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Gov. Baker Surveys Coastal Storm Damage03:40
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An uprooted tree blocks a residential street on Friday after taking down a power line in Swampscott. (Elise Amendola/AP)MoreCloseclosemore
An uprooted tree blocks a residential street on Friday after taking down a power line in Swampscott. (Elise Amendola/AP)

The Massachusetts Emergency Management Agency (MEMA) will be flying planes over the entire coast of the state Monday to get a better idea of the damage caused by the weekend nor'easter.

The storm is blamed for at least one death in Massachusetts.

Its strong winds, heavy rains and high tides knocked out power to hundreds of thousands of people. As of 7 a.m. Monday, 76,000 customers were still without power, and utility companies say it could be midweek before it's restored across the state.

On Saturday, Gov. Charlie Baker declared a state of emergency for the entire state.

While visiting some coastal communities Sunday, Baker said the storm raises big questions about whether Massachusetts is prepared for storms like this.

"What can be done by the folks at the state level, what can be done at the city [level]," Baker said, "but then we also have to have a conversation about how we’re going to deal with the fact that a lot of the coastal stuff is probably part of our future — and we need to come up with some plans for that."

Baker met with local officials and residents to get a firsthand look at the damage.

Mike and Cindy Cotter live on Quincy's Houghs Neck. Their family's presence on the peninsula spans five generations, and they say the Friday-to-Saturday nor'easter brought the worst flooding the family has ever experienced. Unlike the hundreds of Quincy residents who had to be rescued, the Cotters decided to leave their home before the worst of the flooding.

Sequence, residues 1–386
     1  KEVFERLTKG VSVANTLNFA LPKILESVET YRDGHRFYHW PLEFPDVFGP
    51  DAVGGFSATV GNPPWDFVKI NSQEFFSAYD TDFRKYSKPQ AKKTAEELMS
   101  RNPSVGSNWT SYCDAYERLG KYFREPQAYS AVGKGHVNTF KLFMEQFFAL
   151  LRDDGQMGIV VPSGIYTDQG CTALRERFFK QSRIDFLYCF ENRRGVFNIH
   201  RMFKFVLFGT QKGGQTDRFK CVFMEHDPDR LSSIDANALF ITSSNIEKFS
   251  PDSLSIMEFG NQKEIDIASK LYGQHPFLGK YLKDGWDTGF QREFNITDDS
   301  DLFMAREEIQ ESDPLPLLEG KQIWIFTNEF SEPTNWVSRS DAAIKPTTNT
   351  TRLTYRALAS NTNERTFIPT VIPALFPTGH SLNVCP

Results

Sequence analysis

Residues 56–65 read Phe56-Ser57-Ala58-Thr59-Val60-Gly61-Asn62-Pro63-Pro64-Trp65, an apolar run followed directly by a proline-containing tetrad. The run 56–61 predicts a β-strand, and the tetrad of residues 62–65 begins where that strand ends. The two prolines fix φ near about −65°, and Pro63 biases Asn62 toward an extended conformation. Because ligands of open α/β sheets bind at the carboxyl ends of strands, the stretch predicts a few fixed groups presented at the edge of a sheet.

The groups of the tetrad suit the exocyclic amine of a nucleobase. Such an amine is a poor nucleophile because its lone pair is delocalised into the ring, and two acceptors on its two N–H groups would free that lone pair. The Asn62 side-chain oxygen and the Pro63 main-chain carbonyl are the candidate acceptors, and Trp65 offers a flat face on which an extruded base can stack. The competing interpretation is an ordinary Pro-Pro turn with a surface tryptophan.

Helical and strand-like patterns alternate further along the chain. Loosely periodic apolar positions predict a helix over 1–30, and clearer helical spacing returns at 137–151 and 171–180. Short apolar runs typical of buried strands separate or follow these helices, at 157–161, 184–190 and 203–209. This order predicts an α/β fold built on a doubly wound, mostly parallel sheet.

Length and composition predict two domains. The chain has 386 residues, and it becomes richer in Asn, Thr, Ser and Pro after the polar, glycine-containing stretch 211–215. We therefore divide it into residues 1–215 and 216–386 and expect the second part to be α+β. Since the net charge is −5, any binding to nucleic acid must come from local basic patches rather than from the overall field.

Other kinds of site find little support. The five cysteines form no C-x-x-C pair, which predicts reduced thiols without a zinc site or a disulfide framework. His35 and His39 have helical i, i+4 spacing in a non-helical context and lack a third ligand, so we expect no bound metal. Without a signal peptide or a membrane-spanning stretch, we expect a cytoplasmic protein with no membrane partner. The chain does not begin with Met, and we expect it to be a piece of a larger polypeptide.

"We knew it was going to get bad so we evacuated ahead of it," Mike Cotter told Baker. "My son who lives right around the corner, he and his wife went out in a front-end loader. ... That saved a lot of people. This is miraculous nobody was injured or killed down here, really."

The Cotters knew sooner or later they'd get hit with a bad storm. This one they say is a sign of the times.

"We are environmentalists, we know global warming is happening, the sea levels are rising," Mike said. "It’s getting worse and worse. ... The three highest tides in recorded history have happened this year, and it's only March."

The first of those high tides was in January, but Cotter says Houghs Neck was spared because ice on the surface of the ocean prevented the water from breaching the seawall. The next two high tides happened during this storm — and there wasn't enough ice around to protect them.

Quincy officials say the Cotters' home was among roughly a hundred affected by the flooding — half of them severely, and a handful left uninhabitable. Then there's the infrastructure damage, says Quincy Mayor Thomas Koch.

"Because we're a coastal community, we’ve got 80 tide gates, we’ve got sewer pump stations, drain pump stations," he said. "So it’s complicated, and we’re trying to make sure all that infrastructure is taken care of."

On Sunday, some 20 engineers came to Quincy to inspect the city's 2.5 miles of seawall.

The repair work will cost millions, and it's just one part of the statewide recovery efforts. That's why MEMA is tallying up the storm damage to file for federal disaster relief.

Meeting with city officials in Quincy on Sunday, MEMA's regional director, James Mannion, said assessments are already underway.

"At this point we don’t know really the breadth of the damage, that’s what we’re going to really try to figure out in the next week," Mannion said. "Damage assessment teams will be going out [Monday] to probably the top 20, 25 communities to take a sort of a quick snapshot of where the damage is, what the big ticket items are."

Another storm is expected Wednesday going into Thursday. Forecasters say it won't compare to the weekend nor'easter, but more power outages are likely.

This segment aired on March 5, 2018.

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Simón Rios Twitter Reporter
Simón Rios is a reporter in WBUR's newsroom. He joined the station after two years at The Standard-Times in New Bedford, where he cut his teeth covering immigration and business.

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